November: Reading George Eliot

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November: Reading George Eliot

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1christiguc
Nov 3, 2010, 1:16pm

What will anyone else read? Is anyone reading Romola with me?

2teelgee
Nov 3, 2010, 1:27pm

I plan to read Silas Marner. I think I'm one of the few people who read this and liked it in high school!

3sqdancer
Nov 4, 2010, 10:11pm

I'm thinking I might read Scenes of Clerical Life.

4bell7
Nov 4, 2010, 10:12pm

I'm reading Middlemarch for this and a group read. It might take me two months, but I have started it, and I'm planning on finishing it!

5Porua
Nov 5, 2010, 3:08pm

I have got Silas Marner on my TBR list. Hope to start it soon.

6LucindaLibri
Nov 15, 2010, 6:49pm

I remember spending a whole summer reading Middlemarch :) . . . Apparently I have Scenes of Clerical Life on my bookshelf (based on the touchstones and check marks to the right) . . . so I may try to read that. I've missed several great authors in the past months while I was trying to finish Braddon's Lady Audley's Secret from June!!

7Porua
Nov 16, 2010, 3:05pm

I have started Silas Marner. So far the narrative feels a little rushed.

8Porua
Nov 21, 2010, 3:30pm

Finished Silas Marner, just in time for George Eliot's birthday! Although it was an overall satisfying experience, parts of it felt very hurried. George Eliot’s insights in to the human nature left me impressed. My review is here,

http://www.librarything.com/review/63239351

Or my 75 Books Challenge thread,

http://www.librarything.com/topic/98949

9LizzieD
Nov 27, 2010, 10:32pm

I'm also reading Middlemarch with the group, and we have no plan to finish in November. I hope I finish before December's gone! I am loving it more this time than I did when I read it first 30-some years ago. She does understand human nature, and she is such a witty woman!

10BookConcierge
Feb 24, 2018, 9:22am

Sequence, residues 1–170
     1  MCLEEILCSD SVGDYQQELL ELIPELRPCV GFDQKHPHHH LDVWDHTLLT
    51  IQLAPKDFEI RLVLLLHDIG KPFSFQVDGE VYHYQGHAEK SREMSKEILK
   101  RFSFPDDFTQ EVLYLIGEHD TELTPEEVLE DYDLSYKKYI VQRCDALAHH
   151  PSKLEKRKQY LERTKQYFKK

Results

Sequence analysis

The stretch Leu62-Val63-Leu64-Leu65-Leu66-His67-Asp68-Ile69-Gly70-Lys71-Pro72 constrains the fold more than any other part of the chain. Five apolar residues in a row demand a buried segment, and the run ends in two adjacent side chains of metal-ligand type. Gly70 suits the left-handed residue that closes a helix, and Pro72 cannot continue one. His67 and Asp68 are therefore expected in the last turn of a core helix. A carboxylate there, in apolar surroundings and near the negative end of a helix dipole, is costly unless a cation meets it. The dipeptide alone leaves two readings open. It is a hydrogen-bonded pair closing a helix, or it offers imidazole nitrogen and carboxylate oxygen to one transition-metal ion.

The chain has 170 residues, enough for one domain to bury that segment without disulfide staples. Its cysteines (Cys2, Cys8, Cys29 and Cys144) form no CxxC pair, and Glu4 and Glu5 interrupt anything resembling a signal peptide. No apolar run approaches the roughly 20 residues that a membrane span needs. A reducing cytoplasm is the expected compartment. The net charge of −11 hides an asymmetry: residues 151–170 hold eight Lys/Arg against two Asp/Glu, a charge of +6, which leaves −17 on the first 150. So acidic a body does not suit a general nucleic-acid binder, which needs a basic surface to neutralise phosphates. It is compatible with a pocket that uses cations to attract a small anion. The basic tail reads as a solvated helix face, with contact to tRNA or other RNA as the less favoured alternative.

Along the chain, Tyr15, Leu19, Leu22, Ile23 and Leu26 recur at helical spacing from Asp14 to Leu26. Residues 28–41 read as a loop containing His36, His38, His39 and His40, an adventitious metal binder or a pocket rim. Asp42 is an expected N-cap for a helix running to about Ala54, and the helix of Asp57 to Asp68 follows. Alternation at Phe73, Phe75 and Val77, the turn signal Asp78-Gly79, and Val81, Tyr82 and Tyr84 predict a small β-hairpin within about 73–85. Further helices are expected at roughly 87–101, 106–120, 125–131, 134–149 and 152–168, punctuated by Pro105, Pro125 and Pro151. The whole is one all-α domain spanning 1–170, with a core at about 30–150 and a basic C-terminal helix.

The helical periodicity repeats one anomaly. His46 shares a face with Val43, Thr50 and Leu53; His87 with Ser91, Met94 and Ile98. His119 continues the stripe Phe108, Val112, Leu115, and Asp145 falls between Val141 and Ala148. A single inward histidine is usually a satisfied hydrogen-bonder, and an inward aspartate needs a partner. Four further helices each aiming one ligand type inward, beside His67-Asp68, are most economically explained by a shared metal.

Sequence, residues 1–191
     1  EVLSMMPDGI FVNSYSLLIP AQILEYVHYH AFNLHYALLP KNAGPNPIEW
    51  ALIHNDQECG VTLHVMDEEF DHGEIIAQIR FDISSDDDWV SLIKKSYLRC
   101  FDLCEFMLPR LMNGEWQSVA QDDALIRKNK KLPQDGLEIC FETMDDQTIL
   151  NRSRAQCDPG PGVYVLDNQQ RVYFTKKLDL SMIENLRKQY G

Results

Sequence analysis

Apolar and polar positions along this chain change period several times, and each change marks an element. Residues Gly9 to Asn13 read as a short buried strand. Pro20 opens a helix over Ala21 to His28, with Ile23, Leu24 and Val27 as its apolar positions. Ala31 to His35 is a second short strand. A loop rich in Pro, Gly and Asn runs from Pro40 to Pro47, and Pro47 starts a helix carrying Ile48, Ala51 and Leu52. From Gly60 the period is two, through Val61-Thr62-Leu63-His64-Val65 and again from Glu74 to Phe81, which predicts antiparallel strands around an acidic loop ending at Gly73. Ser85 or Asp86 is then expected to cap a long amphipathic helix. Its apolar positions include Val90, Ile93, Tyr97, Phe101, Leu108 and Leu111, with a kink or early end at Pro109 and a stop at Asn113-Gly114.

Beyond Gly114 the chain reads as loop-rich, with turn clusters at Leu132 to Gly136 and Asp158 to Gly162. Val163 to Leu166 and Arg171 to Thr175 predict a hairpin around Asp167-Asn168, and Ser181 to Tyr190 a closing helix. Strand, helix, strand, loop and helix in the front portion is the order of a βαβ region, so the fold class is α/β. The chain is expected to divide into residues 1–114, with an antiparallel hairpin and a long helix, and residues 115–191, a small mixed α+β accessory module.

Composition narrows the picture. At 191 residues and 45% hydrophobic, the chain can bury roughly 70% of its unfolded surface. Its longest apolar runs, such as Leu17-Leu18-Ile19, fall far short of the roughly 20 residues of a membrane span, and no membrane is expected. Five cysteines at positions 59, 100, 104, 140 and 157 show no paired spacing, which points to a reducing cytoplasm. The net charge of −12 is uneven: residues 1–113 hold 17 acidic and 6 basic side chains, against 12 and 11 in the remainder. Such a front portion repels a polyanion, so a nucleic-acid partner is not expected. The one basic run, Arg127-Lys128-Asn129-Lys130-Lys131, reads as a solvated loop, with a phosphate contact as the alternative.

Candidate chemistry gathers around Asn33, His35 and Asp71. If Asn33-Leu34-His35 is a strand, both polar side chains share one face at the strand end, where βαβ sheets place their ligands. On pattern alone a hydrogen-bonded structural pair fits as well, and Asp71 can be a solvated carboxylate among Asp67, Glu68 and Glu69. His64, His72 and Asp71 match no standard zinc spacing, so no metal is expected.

Silas Marner – George Eliot
Digital audiobook read by Nadia May
3***

Silas Marner is a weaver who was banished from his small religious community on a false charge of theft. He moves to the village of Ravensloe, where he leads a reclusive, miserly life as the town’s weaver. His gold is stolen from him, however, reinforcing his belief that everything is against him. Until … returning home on a snowy evening he finds a baby girl asleep at his hearth. Her mother has died in the snow, and Silas adopts the child, believing that his gold has somehow been symbolically returned in the form of this delightful little girl.

A classic tale of the redemptive power of love, first published in 1861. As is typical of the novels of the era, the plot includes numerous coincidences that stretch this reader’s tolerance. There is much misery, but Eliot does give us a few moments of joy, and an ending full of hope. I did think Eliot was somewhat heavy-handed in relaying her message, however.

I know this was assigned reading when I was in high school, and I’m sure I relied on the Cliff’s Notes. Reading now, I’m reminded of the writing style of Charles Dickens.

Eliot was born Mary Ann Evans and converted to Evangelicalism while still in school. She later disavowed it, but those roots are clear in this tale. In private, however, she became estranged from her family when she moved to London as a single woman. There she met George Henry Lewes, and lived with him for some twenty years, despite the fact that he was already married. He encouraged her to write and publish. She was somewhat notorious for this open relationship and felt no one would read her novels, so adopted the pseudonym of George Eliot.

Nadia May does a fine job performing the audiobook. However, I did have trouble staying focused. That isn’t her fault, it’s simply the prevalent style of writing of the mid-19th century.

11sweetiegherkin
Mar 3, 2018, 2:07pm

>10 BookConcierge: Ooo, Nadia May does some good narration of classic novels.

I read The Mill on the Floss as assigned reading for a college course, and I didn't like it enough to be tempted into reading other George Eliot books anytime soon. Of course, Middlemarch is considered such a classic that I feel kind of compelled to read it, but it takes a back burner to so many other books I actually want to read.